I didn't love the broiled tofu. It wasn't bad, but not great. The texture was too crispy, which normally I prefer, but not in this case. I remember seeing a recipe once for tofu simmered in a rather large amount of butter. The tofu was supposed to absorb and swell up from the butter. Then you were supposed to add fresh parsley. I think I will try that next time - I do love my EB, after all!
Isn't it awesome that we can get fresh sushi at the supermarket?

Friday, October 24, 2008

A Nostalgic Lunch

Once upon a time, we lived in Milwaukee, WS. It was a really fun time in our lives. We made some great friends who happened to live a few doors down from us, and we spent tons of time with them. It is a party town (where else can you walk around with an open beer in the street?), with special festivals all summer. In the winter, we would just walk to the bar when we wanted to go out and there was too much snow to drive (obviously this was before children). We had moved there for my husband's job, and since I couldn't find a job of my own and we basically lived on the campus of UWM, I took classes even though I already had a degree. It was like being 20 all over again.

There was a really great natural foods store called Outpost. They sold a prepared tofu spread that I just loved. I guess it was a local manufacturer because I have never found it since. Once I posted about it on some recipe board, and someone sent back a couple of recipes. One is from Simply Vegan. It sounded like it might be close: tofu, celery, carrot, onion, tahini. I added in tamari and a little Old Bay. Not exact, but it satisfied my craving and was a tasty lunch on rye with some tomatoes and chopped onion.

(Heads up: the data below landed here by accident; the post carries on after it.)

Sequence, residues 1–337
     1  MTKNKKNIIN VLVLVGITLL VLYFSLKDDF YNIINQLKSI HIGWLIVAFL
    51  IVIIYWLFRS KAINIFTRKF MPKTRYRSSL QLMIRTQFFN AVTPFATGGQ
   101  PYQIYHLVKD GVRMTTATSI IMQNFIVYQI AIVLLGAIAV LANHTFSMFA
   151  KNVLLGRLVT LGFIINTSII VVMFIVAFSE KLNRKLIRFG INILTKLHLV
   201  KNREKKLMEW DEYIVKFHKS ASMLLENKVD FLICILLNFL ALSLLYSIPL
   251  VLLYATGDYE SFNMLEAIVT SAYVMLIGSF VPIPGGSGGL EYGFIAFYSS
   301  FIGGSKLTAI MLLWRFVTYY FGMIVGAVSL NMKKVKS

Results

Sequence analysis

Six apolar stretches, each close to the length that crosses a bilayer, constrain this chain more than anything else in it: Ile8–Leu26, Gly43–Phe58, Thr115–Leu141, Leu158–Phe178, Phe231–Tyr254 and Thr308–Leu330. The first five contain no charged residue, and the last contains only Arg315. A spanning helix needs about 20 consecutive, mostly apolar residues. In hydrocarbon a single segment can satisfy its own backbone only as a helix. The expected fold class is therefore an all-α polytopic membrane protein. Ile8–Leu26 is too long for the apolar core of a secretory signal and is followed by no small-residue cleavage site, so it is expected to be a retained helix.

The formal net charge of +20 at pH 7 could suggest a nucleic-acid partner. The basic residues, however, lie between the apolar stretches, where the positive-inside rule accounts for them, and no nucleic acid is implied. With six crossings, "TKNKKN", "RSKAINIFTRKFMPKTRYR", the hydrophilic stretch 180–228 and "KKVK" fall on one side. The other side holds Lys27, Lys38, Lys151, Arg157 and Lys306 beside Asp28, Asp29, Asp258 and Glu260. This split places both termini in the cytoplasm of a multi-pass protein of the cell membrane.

Tuesday, October 21, 2008

I've Got 'em!

Way back when, I saw a post about butterscotch fudge brownies over at Vegan Dad. I have wanted to make them for so long, but couldn't find any vegan butterscotch chips, even on the internet. Someone had blogged that Price Chopper brand chips were vegan. Price Chopper is a regional supermarket here in the northeast. We don't have any on Long Island, but they have them upstate NY. So I was excited that I would be able to get the chips when we went to Lake George in the summer. Well, the Price Chopper in Lake George is about 5 square feet, and they carry only the basics (why are butterscotch chips not considered basic?) So no chips this summer.

Anyway, this past weekend the Carnivore and I celebrated our 25th wedding anniversary with a quick trip to Boston (why, yes, I was a child bride.) On the way home, we stopped for breakfast, and there was a Price Chopper in the same lot! Yay, I scored 5 bags of vegan butterscotch chips! (They are still full of crappy ingredients, but no milk.) I will let you know when I try the brownies.

Boston is a lovely city. I have not been there in many years. We had lots of fun doing touristy things. Our hotel was beautiful but far from everything - we figure we walked about 15 miles in those 2 days! The kids had fun with their cousins and aunt and uncle. How much does my sister-in-law rock? She not only takes on my three kids but sends them home with clean laundry!

Not much to write about food-wise. I should have asked for recommendations before we went!

This pizza place was recommended to us by a friend who grew up in Boston. Look at the line out the door! Apparantly there is always a line regardless of the time of day or night. I had a pizza loaded with veggies that was pretty good, but not worth waiting in line for. The Carnivore had the regular pizza. Not to offend, but I will be an egocentric New Yorker and say the best pizza is right here at home. I have tried many cities, and it is just not as good.

This is what I looked like after walking 10 miles with the Carnivore. He walks so fast that I basically have to jog to keep up. I actually had shin splints after that first night.......

And here is the happy couple on the big day...........

This dinner was the night before we left - it's called use up all the produce in the fridge that won't last until we get back. Collards with onion and tomato, rice, eggplant with miso sherry veganaise glaze, cukes, tofu with tomatillo sauce. Why eat out - the food is so much better at home!

Thursday, October 16, 2008

Another Dinner From the Freezer